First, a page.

Segueing back to his TV pedigree after winning an Oscar for writing American Beauty authenticated Alan Ball's ambitions. The depth of Six Feet Under's 50-plus hours thus far, and not simply the absence of Sam Mendes's flatulent pretension, has pulled away the writer's preferred cloak of lugubrious deliberation and fashionable acerbity to demonstrate he's accepted the show is, rather nakedly, what American Beauty insisted it was not: a cynical bitchfest of a soap opera disguised as introspective angst-fueled drama. HBO's specialty is cultivating stories that would fail in any medium but a serialized format, and Six Feet Under, now in its fifth and final season, stands as the network's most disconcerting and heretical balancing act, a dubiously fascinating freak show that achieves entertainment value through the cautiously rationed debasement of its own characters. It doesn't mock its pestilential vision of societal discord, nor actively encourage the audience to do so, yet taken at face value, it's often a hopelessly disheveled collision of melodramatic pretense and perverse earnestness. If one imagines its tongue might be in the vicinity of some cheek, however, it becomes a mesmerizing train wreck to behold, occasionally so much so that the tongue itself is all but forgotten.
Twice as psychotically gnarled as The Sopranos, Six Feet Under is predicated on a concept, rather than a plot, that has never allowed a fully realized exploration of its many devices. Outwardly about the toils of the Fisher family, who own and operate a funeral home in the wake of their patriarch's death, the show embarked with savage, modishly sarcastic attempts at fracturing the taboos of death as well as the glibly precise moral shadings found in Los Angeles territory, and has since advanced inward, where the episodes have become ambiguously self-reflexive embodiments of the characters' fragile psyches. The third season's first episode toyed with the possibility that the Fishers' world may very well exist inside the vacuum of a parallel universe projected from the protagonist's tortured mentality, and it's this context of dreamlike unreality that embalms the show's more recent episodes with a vulgar allure, if hardly any relevant insight. Each segment plays like an anthropological excursion into a nightmare of humanity so berserk it can only be rationalized as a close encounter of the third kind, with self-loathing and emotional irrationality so vividly externalized they often are comically shocking.
There's been an odd episode that has broken through the whiny morass to achieve something close to actual drama, most strikingly the opening of the fourth season that found erstwhile commoner Nate (Peter Krause) dealing with the death and burial of his wife. Once past this key juncture, the series devolved into idly recapitulating themes and events from the first two seasons under a dark umbrella of refined melancholy, weakly hustling anti-soulmates Nate and Brenda (Rachel Griffiths) back together while apathetically shackling the other characters with stifling distractions: Ruth (Frances Conroy) with odd second husband George (James Cromwell), David (Michael C. Hall) with his post-abduction trauma, and Claire (Lauren Ambrose) with her growing arrogance as an artist and lover. It seemed that Ball's boredom with the Fishers had permeated his open-ended story. (He has since admitted that he tried to hand the reins off, and there were no takers.) But that this farewell tour makes only subtle references to the storylines of a year ago is one way he is demonstrating that in death there may yet be life. Ball is sending the Fishers off with a revived sense of purpose that is surprising and refreshing.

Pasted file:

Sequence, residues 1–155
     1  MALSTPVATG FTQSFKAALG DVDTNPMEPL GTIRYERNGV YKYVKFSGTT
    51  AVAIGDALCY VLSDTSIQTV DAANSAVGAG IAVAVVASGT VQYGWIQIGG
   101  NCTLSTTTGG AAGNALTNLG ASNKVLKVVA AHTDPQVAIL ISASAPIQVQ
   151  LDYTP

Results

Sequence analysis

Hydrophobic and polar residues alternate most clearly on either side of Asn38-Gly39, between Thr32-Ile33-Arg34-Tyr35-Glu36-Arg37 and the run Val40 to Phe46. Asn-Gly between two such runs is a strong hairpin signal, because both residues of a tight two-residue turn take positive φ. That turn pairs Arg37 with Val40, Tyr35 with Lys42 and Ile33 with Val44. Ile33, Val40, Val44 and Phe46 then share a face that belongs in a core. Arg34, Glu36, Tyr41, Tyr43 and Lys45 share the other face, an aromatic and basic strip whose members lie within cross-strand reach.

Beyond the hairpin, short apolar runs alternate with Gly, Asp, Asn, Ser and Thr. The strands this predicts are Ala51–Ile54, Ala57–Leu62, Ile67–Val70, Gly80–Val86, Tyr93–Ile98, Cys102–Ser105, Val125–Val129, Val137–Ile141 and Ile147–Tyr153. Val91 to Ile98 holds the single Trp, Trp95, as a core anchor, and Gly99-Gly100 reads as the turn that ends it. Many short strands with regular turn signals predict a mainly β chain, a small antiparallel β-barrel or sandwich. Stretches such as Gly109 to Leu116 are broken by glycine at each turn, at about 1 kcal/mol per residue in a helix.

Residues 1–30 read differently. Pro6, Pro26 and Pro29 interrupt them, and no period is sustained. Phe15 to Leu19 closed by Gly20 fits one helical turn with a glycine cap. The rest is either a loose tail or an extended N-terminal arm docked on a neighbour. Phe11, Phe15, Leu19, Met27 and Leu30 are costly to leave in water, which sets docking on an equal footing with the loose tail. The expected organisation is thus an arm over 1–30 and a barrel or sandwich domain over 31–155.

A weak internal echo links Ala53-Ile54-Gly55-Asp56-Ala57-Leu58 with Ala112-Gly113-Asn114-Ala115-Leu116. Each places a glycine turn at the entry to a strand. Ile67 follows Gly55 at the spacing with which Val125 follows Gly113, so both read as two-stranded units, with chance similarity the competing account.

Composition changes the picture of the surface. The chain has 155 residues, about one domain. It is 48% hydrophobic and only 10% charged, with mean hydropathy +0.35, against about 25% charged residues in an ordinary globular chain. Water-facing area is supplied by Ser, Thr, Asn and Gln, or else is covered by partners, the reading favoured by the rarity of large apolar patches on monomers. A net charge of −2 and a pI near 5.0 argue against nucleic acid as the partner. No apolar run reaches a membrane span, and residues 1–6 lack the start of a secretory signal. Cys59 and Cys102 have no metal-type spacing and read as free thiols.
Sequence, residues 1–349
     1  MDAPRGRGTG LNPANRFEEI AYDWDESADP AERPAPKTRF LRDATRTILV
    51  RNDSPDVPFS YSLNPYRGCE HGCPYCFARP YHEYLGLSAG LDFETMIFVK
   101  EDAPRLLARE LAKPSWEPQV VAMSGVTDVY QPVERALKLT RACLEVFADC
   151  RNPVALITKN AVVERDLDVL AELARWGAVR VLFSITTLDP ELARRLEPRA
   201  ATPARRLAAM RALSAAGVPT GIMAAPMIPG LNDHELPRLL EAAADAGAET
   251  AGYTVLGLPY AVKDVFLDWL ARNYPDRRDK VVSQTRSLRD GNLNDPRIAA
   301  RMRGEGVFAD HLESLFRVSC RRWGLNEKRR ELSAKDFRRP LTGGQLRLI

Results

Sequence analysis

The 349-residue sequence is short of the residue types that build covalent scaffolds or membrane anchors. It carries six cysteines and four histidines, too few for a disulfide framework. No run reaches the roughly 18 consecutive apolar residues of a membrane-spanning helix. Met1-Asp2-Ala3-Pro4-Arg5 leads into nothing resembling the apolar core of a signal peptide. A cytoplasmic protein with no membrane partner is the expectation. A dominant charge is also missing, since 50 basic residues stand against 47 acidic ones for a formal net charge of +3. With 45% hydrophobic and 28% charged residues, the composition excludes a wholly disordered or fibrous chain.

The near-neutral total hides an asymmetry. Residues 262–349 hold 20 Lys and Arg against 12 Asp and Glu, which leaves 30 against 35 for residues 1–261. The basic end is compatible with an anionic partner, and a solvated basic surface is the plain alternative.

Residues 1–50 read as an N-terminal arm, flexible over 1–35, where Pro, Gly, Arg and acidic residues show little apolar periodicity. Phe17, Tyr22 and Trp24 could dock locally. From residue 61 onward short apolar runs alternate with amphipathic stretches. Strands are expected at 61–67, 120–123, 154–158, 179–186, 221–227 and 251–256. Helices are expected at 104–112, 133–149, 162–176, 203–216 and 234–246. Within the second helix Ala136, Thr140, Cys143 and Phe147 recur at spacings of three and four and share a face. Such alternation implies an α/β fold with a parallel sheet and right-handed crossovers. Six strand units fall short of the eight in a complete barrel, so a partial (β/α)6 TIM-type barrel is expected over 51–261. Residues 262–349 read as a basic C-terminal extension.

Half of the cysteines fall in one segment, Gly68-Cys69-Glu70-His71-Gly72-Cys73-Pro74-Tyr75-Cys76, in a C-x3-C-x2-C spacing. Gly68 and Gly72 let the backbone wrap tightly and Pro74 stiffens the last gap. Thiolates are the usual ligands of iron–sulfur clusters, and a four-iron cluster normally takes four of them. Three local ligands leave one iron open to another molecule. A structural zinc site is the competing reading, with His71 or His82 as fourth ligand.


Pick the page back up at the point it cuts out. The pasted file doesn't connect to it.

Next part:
The first four episodes of the final season have been stained by an ambiance of relief and finality that might accompany the passing of a loved one after a terminal illness, but there's also the welcome aroma of joyous revelry invading many scenes; now that the end's in sight, it's as if the show has relinquished its steadfast insistence that it be taken seriously and decided to make this sendoff a bit of a party. Thankfully that doesn't mean the characters are any better for wear. Finally marrying Brenda in the season's first episode, "A Coat of White Primer," and plowing away at having a second child, Nate has arrived at the precipice and indeed jumped off; the prosaic absurdity of his existence has been cemented by his union with a woman who fully embodies his evolving misery. Not surprisingly, his tenebrous addiction to Brenda's sexual enterprise and aberrant fidelity has inexorably begun to sour. "Congratulations!" he vacantly affirms when she discloses her pregnancy in the fourth episode, "Time Flies," one of the most purely enjoyable sessions of the show's entire run. Decisively charting the ongoing, expeditious corrosion of what we would be hard-pressed to identify as love, it surrounds Nate and Brenda with the various members of the Fisher clan, all assembled for an unwelcome surprise birthday party that seems more a memorial service for what was left of Nate's unrealized ambition. That it quickly boils over into a series of escalating confrontations is bluntly calculated, but the spite between Nate and Brenda that suddenly pops out like a champagne cork is bracing for a show accustomed to keeping its characters' steam bottled up.